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Evidence-Based Complementary and Alternative Medicine
Volume 2012, Article ID 923190, 12 pages
Research Article

Comparison of a Chinese Herbal Medicine (CCH1) and Lactulose as First-Line Treatment of Constipation in Long-Term Care: A Randomized, Double-Blind, Double-Dummy, and Placebo-Controlled Trial

1Department of Community and Family Medicine, National Taiwan University Hospital Yun-Lin Branch, Yun-Lin, Taiwan
2Graduate Institute of Chinese Medicine, College of Chinese Medicine, China Medical University, Taichung, Taiwan
3School of Chinese Medicine, College of Chinese Medicine, China Medical University, Taichung, Taiwan
4Graduate Institute of Biostatistics, China Medical University, Taichung, Taiwan
5Division of Gastroenterology, Department of Internal Medicine, National Taiwan University Hospital, Taipei, Taiwan
6Department of Pediatrics, National Taiwan University Hospital, Taipei, Taiwan

Received 10 October 2011; Revised 21 November 2011; Accepted 22 November 2011

Academic Editor: Angelo Antonio Izzo

Copyright © 2012 Chien-Hsun Huang et al. This is an open access article distributed under the Creative Commons Attribution License, which permits unrestricted use, distribution, and reproduction in any medium, provided the original work is properly cited.


Many institutionalized patients and their healthcare providers are dissatisfied with current laxative therapy. This study compared therapeutic efficacy, safety, and laxative cost of an herbal formula (CCH1) and lactulose for long stay patients with constipation. In this double-blind, double-dummy, and placebo-controlled trial, we randomized 93 residents with chronic constipation from two long-term care facilities in Taiwan to receive either CCH1 with lactulose placebo or CCH1 placebo with lactulose for 8 weeks, then followed up for 4 weeks without study medication. Both treatments were effective and well tolerated for patients, but CCH1 produced more spontaneous bowel movements, less rectal treatments, less amount of rescue laxative, and lower laxative cost than lactulose during treatment. No significant differences were found in stool consistency, stool amount, global assessment, and safety concerns. In conclusion, our results suggest that CCH1 may have better efficacy and could be used as an alternative option to lactulose in the treatment of constipation in long-term care.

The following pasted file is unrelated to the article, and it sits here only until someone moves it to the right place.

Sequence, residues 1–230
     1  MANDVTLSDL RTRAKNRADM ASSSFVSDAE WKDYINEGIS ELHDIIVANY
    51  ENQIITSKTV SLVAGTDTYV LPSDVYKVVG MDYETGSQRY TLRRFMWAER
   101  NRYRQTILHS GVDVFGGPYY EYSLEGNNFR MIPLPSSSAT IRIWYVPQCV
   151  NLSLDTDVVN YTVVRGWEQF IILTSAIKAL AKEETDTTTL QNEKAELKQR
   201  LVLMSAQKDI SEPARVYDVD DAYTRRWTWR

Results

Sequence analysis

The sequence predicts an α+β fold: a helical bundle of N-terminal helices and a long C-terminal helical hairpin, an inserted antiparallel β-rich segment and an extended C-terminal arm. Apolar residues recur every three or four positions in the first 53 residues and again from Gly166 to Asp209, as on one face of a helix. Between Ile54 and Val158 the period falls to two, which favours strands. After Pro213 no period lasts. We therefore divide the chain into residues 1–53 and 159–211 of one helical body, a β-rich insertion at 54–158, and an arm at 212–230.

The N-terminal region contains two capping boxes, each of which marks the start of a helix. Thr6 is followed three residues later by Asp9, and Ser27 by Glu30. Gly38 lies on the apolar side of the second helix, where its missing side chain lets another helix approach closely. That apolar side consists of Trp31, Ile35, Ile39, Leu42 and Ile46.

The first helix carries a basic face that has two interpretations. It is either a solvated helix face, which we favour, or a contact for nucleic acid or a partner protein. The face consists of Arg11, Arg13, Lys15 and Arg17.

1. Introduction

Constipation is often dismissed as a trivial medical concern, it can be associated with mild-to-extreme distressing and potentially dangerous complications [1]. Almost half of all patients older than 65 reported constipation or the regular use of laxatives [2]. In nursing facilities, 72.7% of the patients had at least one precipitating comorbid condition for constipation, and 77.6% of the residents were receiving at least one medication that may contributed to the occurrence of constipation [3]. Accordingly, the prevalence of constipation is higher in long-term care with up to 74% of nursing home residents using daily laxatives [4]. In fact, constipation often leads to deterioration in health-related quality of life [5] and also increases time and economic cost of constipation care in long stay [6].

Dissatisfied with conventional therapy, there is a trend that herbal medicine use increased substantially in the United States, and over one in three Americans used complementary and alternative medicine (CAM) in the past year [7]. In Taiwan, more than 95% of citizens have medical insurance under the national health insurance (NHI) system. The use of Chinese medicine is also reimbursed by the NHI, and all qualified residents in Taiwan are free to choose either Western medicine or traditional Chinese medicine (TCM) [8]. A national survey in Taiwan reported 152,564 subjects who visited TCM clinics only for constipation during 2004 [9]. Constipation is also of the top three main diagnoses in a Traditional Medicine Center of a general hospital in Taiwan [10].

In fact, TCM has been the primary system of medicine in Asia for thousands of years. According to the theories of TCM, constipation can be generally divided into excessive and deficient syndromes (ying, yang, Qi or blood deficiency), based on the underlying etiology [11, 12]. With regard to the syndrome of yang deficiency, it is a pathological state resulting from deficiency of “yang” energy with reduction in its warming and activating power that leads to diminished functions (including GI system), decreased metabolic activities, intolerance to cold, and so on [13, 14]. “Wen-Pi Tang”, derived from a classic TCM book named Qian Jin Fang (chapter 15) in the Tang Dynasty (A.D. 652), is a famous formula that has been commonly used throughout Asia for constipation of the “yang deficiency” type [15, 16]. It was composed of five herbs (Ren Shen, Gan Jiang, Zhi Fu Zi, Da Huang, and Gan Cao) [15, 16]. Through the combined action of these herbs, Da Huang served as purgative drug with the assistant of the rest of four herbs formulated to strengthen the energy of yang [14, 16]. From the viewpoints of TCM, the majority of patients with constipation of yang deficiency are the frail older people or chronically ill patients [11, 15]. Since many residents in nursing homes are the dependently older people with comorbidities, most of their constipation could be attributed to yang deficiency in some degree. Therefore, our previous randomized placebo-controlled trail has demonstrated CCH1 (Table 1), an herbal formula modified from “Wen-Pi Tang”, to be safe and effective on the treatment of constipation for the population in nursing homes [17].

Table 1: The composition of CCH1.*